Who was the alleged perpetrator in the Lizzy Seeberg incident involving a Notre Dame football player?
Anyone who covers Notre Dame football has known the answer to this question since it happened in the fall of 2010. This was a poorly kept secret. And it wasn’t just a secret within media close to the program, anyone who cared to Google the name Prince Shembo would eventually stumble across the rumors that he was indeed the player who supposedly committed the sexual crime against Lizzy Seeberg, right before she committed suicide. Notre Dame police didn’t interview Shembo until 15 days after Seeberg’s death.
Of course, legally, no one in media could publish his name- until now.
Prince Shembo said at the NFL Scouting Combine today that he has nothing to hide, nothing to be ashamed of. And obviously the local authorities felt the same way since he has never been charged with a crime. Shembo addressed these allegations publicly for the first time as potential NFL teams interviewed him at the combine.
We can’t speculate on the innocence or guilt of Prince Shembo, but we can talk about the bigger picture: the gag order that Brian Kelly’s program put on Shembo for all this time. Even in a case that was literally life and death, ND kept Shembo from talking and ND police dragged their feet in investigating the alleged crime.
You’ll remember that Lizzy Seeberg was the former St. Mary’s student who killed herself ten days after she claimed she was sexually assaulted in her dorm room by a ND football player. Seeberg also claimed that she received a threatening text messages on behalf of the Fighting Irish football program from one of Shembo’s friends. No charges were ever filed because Lizzy Seeberg is obviously not here to tell her side of the story.
Prince Shembo couldn’t tell his side of the story because Brian Kelly forbade him.
From Blue and Gold Illustrated, part of 24/7 Sports, partnered with CBS Sports.com
“Yes, I wanted to talk about it, but they had to keep everything confidential,” said Shembo, who added that he did not lobby Kelly for the opportunity to speak about it. “Now that I’m out [of the university], I can talk about it.
Shembo acknowledged Saturday that the unknown player in question was him.
“I just tell [NFL team executives] the truth, I have nothing to hide,” said Shembo, who estimated that 26 teams have interviewed him. “No one’s heard from me one time. Do you go off of one person’s story?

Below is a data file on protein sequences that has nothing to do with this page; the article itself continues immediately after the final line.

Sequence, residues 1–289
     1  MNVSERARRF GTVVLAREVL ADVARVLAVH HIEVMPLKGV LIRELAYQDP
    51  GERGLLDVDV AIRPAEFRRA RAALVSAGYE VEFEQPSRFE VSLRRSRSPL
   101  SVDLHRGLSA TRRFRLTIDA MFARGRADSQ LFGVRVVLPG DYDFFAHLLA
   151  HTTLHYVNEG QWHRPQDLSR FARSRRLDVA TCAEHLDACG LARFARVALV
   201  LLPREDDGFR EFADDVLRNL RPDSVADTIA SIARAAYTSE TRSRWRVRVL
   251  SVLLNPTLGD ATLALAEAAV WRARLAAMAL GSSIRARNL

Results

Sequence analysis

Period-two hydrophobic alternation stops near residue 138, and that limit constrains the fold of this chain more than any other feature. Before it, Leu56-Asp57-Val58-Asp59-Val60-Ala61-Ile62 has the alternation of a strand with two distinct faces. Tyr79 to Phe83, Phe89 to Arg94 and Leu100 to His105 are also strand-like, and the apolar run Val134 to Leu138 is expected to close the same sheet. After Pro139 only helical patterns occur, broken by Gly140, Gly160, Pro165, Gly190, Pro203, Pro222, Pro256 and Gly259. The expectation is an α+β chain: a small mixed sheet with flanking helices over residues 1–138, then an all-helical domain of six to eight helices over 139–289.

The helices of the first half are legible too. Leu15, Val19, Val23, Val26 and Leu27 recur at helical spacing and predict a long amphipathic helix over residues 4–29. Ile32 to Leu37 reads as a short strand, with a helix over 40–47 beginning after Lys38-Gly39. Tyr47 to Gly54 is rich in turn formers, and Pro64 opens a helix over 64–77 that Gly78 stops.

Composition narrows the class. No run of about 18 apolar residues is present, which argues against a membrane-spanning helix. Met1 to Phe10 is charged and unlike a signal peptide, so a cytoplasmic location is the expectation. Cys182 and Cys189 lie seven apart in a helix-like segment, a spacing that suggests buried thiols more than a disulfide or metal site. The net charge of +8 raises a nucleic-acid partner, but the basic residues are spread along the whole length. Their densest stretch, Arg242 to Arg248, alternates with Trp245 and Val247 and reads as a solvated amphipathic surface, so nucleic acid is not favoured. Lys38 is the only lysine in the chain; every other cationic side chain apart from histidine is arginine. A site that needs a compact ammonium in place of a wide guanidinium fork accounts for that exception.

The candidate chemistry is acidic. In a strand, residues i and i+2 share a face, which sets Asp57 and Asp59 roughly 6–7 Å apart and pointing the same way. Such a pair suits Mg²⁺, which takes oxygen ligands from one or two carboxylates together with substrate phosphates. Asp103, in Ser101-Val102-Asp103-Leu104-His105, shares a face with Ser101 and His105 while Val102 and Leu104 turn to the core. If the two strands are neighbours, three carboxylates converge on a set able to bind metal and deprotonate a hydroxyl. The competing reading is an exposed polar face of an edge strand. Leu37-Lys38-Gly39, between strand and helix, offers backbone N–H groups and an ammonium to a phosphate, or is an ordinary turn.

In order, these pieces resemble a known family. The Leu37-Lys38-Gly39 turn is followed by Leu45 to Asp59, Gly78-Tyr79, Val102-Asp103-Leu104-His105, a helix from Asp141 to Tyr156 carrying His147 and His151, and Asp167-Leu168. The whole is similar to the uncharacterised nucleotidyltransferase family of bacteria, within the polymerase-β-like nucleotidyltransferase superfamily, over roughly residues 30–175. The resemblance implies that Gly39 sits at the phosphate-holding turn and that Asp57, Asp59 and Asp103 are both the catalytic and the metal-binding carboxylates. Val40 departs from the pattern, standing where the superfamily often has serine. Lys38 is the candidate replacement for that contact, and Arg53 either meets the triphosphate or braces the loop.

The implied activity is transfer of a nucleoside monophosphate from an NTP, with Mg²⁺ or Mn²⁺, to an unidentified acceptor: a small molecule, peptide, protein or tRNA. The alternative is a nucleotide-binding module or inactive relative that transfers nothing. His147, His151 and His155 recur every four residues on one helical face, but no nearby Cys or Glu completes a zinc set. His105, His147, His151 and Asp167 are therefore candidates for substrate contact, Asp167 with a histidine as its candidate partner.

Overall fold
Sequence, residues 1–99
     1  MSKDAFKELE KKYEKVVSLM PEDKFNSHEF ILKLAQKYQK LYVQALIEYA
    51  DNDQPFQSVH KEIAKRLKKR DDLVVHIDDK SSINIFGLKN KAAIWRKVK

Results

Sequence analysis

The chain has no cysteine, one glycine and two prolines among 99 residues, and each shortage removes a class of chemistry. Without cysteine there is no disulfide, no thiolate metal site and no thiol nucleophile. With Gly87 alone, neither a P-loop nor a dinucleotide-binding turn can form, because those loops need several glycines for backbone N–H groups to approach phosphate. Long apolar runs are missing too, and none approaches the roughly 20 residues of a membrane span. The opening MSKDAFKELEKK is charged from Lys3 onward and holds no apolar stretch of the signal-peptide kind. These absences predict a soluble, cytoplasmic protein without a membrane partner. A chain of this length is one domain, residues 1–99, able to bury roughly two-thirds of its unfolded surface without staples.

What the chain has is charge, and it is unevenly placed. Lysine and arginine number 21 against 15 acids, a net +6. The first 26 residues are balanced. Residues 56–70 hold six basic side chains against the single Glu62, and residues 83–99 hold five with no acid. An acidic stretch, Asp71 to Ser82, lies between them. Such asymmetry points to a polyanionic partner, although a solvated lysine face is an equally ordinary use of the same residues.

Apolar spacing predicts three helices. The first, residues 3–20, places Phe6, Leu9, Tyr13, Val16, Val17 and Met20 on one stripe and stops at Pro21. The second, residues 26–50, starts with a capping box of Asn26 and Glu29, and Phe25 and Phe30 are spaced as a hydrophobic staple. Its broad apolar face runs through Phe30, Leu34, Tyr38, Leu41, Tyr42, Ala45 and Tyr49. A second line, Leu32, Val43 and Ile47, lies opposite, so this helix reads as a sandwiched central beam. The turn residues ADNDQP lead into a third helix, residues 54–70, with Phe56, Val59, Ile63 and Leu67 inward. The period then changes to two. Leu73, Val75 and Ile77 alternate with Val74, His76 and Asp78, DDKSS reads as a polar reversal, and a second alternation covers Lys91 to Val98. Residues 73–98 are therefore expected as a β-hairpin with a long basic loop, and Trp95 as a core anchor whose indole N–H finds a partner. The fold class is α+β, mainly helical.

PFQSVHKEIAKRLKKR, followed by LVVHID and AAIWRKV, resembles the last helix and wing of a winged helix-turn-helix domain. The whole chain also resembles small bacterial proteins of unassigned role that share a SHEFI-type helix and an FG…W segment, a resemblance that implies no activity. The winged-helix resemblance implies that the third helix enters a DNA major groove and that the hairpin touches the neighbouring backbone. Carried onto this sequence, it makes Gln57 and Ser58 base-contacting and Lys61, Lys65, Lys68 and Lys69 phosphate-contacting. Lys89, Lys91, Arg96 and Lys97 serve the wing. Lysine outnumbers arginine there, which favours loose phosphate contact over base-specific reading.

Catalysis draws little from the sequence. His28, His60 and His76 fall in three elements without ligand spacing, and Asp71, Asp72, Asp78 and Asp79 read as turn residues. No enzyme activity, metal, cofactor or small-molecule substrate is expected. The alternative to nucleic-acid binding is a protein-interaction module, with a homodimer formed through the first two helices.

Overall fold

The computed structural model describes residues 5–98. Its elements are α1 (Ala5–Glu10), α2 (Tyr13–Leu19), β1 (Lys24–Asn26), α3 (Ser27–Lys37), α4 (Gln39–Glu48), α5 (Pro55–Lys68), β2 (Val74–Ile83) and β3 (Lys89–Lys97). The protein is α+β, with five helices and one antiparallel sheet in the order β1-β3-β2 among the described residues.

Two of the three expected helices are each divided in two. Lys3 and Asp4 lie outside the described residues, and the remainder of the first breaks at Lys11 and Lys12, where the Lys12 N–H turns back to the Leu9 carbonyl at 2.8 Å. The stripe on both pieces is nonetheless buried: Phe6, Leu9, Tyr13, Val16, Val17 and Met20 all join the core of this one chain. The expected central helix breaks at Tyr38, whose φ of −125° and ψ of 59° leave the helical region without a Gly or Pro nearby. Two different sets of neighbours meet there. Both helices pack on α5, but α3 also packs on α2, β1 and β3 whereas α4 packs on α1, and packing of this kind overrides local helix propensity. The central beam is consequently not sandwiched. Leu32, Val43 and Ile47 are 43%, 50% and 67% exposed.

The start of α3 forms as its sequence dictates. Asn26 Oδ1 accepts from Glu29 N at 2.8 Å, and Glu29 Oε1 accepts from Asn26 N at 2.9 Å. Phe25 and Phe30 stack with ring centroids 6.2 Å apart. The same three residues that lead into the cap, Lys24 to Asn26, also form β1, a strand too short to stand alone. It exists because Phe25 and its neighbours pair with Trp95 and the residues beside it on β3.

“I’m still here, so I know I didn’t do anything. I tell them exactly what happened.”
“I’m innocent,” Shembo said. “I didn’t do anything. I’m, pretty much, I’m the one who ended it and pretty much told the girl that we should stop, that we shouldn’t be doing this and that’s what happened. So, I don’t know.”
Somehow the rumor mill turned this story involving rape, but that was never the case. Lizzy Seeberg’s complaint involved an inappropriate touching of her breast classified as sexual battery.
Keeping everything under wraps worked at Notre Dame, or more appropriately, at the college level where coaches and administrators are ruling Czars and players have very little rights compared to them. So Shembo had to keep quiet about this investigation, otherwise it would hurt his eligibility. Now that he’s going pro, he’s free to speak and to try and clear his name. Twenty-six NFL teams have interviewed Shembo and all of them have asked about Lizzy Seeberg. At the professional level, they’re making such a big financial investment in a prospect that they have to do their due diligence.
Notre Dame has never discussed the Seeberg case publicly or how it handled her complaint. Multiple media outlets reached out to Notre Dame for comment, but ND did not respond to any of their requests.
from the Chris Hine in the Chicago Tribune:
The Tribune reported in November 2010 that campus authorities did not initially tell county police about Seeberg’s report of a sexual attack, nor did campus police refer the case to the county’s special victims unit, which was established to handle sex offenses, according to county officials. Notre Dame police didn’t contact Shembo until five days after she died, according to the Seeberg family.
At the time, the Tribune did not name Shembo because he had not been charged with a crime and his identity was never revealed publicly until he spoke out Saturday.
Paul M. Banks owns The Sports Bank.net, an affiliate of Fox Sports. An MBA and Fulbright scholar, he’s also a frequent analyst on news talk radio; with regular segments on ESPN,NBC, CBS and Fox. A former NBC Chicago and Washington Times writer, he’s also been featured on the History Channel. President Obama follows him on Twitter (@paulmbanks)Powered by Sidelines Follow paulmbanks